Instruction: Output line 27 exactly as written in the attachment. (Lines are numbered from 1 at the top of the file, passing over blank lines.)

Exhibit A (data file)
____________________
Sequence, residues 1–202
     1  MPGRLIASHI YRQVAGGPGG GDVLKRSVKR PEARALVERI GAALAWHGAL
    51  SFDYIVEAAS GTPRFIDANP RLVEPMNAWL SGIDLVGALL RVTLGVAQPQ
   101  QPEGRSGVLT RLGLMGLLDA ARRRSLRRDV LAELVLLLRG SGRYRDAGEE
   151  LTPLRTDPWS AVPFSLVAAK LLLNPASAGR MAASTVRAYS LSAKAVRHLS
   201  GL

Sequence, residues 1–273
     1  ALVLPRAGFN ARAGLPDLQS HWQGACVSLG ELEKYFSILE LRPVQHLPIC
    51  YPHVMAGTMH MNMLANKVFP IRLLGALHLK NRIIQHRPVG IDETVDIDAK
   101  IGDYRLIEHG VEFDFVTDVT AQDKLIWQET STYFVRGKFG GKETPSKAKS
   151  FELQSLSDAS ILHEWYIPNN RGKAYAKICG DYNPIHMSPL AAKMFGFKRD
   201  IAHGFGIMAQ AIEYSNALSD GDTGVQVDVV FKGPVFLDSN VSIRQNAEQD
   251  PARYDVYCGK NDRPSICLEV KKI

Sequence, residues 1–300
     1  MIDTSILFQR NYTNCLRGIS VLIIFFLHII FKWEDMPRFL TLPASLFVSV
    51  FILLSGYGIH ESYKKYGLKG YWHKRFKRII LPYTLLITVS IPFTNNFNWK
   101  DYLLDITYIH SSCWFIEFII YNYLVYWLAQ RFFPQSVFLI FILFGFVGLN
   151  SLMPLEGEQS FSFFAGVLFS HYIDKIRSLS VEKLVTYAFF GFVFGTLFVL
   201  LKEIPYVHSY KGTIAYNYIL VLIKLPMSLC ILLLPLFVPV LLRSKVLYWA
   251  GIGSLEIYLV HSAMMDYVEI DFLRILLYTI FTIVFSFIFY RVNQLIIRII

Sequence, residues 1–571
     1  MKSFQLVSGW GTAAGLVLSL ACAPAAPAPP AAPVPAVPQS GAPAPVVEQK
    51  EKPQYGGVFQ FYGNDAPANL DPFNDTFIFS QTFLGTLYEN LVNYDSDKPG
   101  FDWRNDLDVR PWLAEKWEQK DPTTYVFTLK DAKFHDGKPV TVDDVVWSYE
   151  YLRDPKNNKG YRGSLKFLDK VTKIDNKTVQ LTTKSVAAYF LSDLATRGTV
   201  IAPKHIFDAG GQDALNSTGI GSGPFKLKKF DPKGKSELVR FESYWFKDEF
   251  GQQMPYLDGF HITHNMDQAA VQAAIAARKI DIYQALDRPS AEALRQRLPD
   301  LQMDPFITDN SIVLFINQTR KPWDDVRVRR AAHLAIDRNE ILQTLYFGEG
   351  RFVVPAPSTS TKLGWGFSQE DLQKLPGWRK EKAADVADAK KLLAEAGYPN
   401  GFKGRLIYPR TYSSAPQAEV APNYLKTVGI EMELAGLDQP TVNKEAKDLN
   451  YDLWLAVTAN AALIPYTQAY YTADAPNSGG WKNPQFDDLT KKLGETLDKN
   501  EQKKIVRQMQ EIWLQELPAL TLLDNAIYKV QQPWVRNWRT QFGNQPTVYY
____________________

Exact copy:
   251  GQQMPYLDGF HITHNMDQAA VQAAIAARKI DIYQALDRPS AEALRQRLPD